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undulate

[verb uhn-juh-leyt, uhn-dyuh-, -duh-; adjective uhn-juh-lit, -leyt, uhn-dyuh-, -duh-] /verb ˈʌn dʒəˌleɪt, ˈʌn dyə-, -də-; adjective ˈʌn dʒə lɪt, -ˌleɪt, ˈʌn dyə-, -də-/
verb (used without object), undulated, undulating.
1.
to move with a sinuous or wavelike motion; display a smooth rising-and-falling or side-to-side alternation of movement:
The flag undulates in the breeze.
2.
to have a wavy form or surface; bend with successive curves in alternate directions.
3.
(of a sound) to rise and fall in pitch:
the wail of a siren undulating in the distance.
verb (used with object), undulated, undulating.
4.
to cause to move in waves.
5.
to give a wavy form to.
adjective
6.
Also, undulated. having a wavelike or rippled form, surface, edge, etc.; wavy.
Origin of undulate
1650-1660
1650-60; < Latin undulātus waved, equivalent to und(a) wave + -ul(a) -ule + -ātus -ate1
Related forms
undulator, noun
nonundulate, adjective
nonundulating, adjective
Dictionary.com Unabridged
Based on the Random House Dictionary, © Random House, Inc. 2017.
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Examples from the Web for undulate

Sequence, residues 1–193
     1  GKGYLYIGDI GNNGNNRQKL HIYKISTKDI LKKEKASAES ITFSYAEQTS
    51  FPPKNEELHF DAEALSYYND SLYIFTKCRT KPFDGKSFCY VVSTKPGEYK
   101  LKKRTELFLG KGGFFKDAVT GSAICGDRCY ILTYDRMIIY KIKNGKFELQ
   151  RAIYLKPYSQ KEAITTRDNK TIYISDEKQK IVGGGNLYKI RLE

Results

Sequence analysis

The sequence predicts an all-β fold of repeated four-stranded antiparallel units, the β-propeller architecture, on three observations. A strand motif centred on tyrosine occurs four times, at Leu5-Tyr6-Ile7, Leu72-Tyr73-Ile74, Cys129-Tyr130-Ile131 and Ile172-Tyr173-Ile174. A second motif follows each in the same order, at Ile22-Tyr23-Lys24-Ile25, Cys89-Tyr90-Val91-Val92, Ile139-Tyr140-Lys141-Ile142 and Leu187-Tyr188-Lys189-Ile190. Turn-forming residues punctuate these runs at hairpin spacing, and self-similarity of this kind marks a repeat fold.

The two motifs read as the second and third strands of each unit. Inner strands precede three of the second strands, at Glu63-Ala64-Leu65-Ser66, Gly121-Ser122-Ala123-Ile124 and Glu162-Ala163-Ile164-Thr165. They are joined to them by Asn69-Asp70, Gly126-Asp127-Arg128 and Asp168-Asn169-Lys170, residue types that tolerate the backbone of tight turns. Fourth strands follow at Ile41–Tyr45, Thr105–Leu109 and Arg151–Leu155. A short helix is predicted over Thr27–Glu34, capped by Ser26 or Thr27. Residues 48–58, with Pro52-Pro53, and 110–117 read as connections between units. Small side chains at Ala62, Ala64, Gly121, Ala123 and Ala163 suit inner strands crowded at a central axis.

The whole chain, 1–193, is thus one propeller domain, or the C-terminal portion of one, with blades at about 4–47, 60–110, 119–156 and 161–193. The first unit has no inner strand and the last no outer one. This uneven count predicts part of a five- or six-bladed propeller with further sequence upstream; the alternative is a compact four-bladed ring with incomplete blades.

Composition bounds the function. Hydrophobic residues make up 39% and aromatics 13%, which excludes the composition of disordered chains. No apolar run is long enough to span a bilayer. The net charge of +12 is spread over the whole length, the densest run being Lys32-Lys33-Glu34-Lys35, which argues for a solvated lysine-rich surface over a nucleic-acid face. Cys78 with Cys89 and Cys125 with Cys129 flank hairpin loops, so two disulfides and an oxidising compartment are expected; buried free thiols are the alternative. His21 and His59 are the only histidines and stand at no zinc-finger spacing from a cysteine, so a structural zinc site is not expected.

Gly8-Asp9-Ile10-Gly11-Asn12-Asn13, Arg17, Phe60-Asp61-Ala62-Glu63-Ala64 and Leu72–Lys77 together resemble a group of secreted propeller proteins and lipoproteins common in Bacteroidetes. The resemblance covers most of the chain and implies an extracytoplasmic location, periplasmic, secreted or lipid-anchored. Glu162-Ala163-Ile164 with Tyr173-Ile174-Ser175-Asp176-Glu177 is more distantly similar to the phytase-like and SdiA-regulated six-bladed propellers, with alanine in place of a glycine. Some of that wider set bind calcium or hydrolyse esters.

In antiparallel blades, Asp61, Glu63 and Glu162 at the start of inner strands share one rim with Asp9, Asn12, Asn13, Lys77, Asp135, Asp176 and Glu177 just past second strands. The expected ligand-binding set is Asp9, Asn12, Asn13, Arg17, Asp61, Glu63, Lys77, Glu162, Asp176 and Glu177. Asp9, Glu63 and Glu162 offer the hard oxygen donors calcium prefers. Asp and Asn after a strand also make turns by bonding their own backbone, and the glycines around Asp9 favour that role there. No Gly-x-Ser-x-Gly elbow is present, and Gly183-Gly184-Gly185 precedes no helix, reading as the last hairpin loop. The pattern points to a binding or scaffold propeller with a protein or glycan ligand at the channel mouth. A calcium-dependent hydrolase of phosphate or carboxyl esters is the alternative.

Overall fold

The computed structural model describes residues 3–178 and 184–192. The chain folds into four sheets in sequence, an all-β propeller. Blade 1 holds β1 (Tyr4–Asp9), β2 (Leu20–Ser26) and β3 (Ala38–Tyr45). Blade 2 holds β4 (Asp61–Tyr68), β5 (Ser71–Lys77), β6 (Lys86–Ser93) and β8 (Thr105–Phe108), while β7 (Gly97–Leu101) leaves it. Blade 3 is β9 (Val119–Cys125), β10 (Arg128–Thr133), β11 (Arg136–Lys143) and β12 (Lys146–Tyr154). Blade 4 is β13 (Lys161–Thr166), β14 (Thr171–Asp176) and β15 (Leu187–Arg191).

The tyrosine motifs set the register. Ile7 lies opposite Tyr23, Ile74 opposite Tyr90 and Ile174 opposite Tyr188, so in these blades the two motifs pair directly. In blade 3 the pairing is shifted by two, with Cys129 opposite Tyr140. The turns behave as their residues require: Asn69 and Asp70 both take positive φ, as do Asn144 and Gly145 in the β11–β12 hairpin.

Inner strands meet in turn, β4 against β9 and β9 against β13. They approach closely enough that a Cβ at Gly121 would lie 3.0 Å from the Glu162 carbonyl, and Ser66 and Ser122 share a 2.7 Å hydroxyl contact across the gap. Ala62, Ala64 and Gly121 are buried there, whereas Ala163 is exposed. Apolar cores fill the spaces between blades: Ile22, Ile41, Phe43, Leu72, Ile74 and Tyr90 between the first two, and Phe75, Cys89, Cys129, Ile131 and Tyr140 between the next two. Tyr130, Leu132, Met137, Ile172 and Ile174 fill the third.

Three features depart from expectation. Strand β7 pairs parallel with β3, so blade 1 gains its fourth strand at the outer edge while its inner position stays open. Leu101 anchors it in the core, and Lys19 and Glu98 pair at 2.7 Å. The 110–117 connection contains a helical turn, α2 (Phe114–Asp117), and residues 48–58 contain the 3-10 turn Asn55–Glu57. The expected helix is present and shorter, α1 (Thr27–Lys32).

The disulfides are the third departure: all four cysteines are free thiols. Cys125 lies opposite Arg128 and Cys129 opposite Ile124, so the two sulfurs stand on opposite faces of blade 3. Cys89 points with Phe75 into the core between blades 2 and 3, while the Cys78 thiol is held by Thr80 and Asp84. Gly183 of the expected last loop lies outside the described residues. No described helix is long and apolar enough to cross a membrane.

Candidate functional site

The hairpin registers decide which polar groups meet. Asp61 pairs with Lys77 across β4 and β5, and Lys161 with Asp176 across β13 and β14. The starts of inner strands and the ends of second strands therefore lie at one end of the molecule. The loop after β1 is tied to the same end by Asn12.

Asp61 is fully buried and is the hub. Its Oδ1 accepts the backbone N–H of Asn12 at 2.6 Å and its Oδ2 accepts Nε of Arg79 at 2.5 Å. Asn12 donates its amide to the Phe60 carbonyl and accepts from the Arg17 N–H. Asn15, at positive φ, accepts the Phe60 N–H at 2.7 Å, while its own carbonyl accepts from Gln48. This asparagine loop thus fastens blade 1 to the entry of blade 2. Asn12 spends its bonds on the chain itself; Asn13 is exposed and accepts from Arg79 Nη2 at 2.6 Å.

Historical Examples
  • Don't they look brave As they undulate—(undulate, mind you,From unda, a wave).

  • In the meadows I see her undulate—the black miner, the mole, continues her labours.

    The Bird Jules Michelet
  • Mrs. Hearty collapsed into a chair and began to undulate with mirth.

    Adventures of Bindle Herbert George Jenkins
  • The two lower lobes are very small; the lobes are undulate or entire.

    Forest Trees of Illinois Fuller George D.
  • I vow if her neck had been bare one could have seen it undulate beneath the skin.

    Simon the Jester William J. Locke
  • It began to undulate like the threads of a cobweb lifted by the wind.

  • For variety's sake the engineer made it undulate horizontally, like a great serpent flying over the earth.

  • The momentum of his jump carried him in a long swing, and he at once began to undulate himself to increase his swing.

  • Her eyes began to glitter more brilliantly, and her shape to undulate in freer curves.

    Elsie Venner Oliver Wendell Holmes, Sr.
  • Moreover, the air has not only been made to undulate, but has had currents caused in it by the transit of the bodies.

British Dictionary definitions for undulate

undulate

/ˈʌndjʊˌleɪt/
verb
1.
to move or cause to move in waves or as if in waves
2.
to have or provide with a wavy form or appearance
adjective (ˈʌndjʊlɪt; -ˌleɪt)
3.
having a wavy or rippled appearance, margin, or form: an undulate leaf
Derived Forms
undulator, noun
Word Origin
C17: from Latin undulātus, from unda a wave
Collins English Dictionary - Complete & Unabridged 2012 Digital Edition
© William Collins Sons & Co. Ltd. 1979, 1986 © HarperCollins
Publishers 1998, 2000, 2003, 2005, 2006, 2007, 2009, 2012
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Word Origin and History for undulate
v.

1660s, from undulation. Related: undulated, undulating.

Online Etymology Dictionary, © 2010 Douglas Harper
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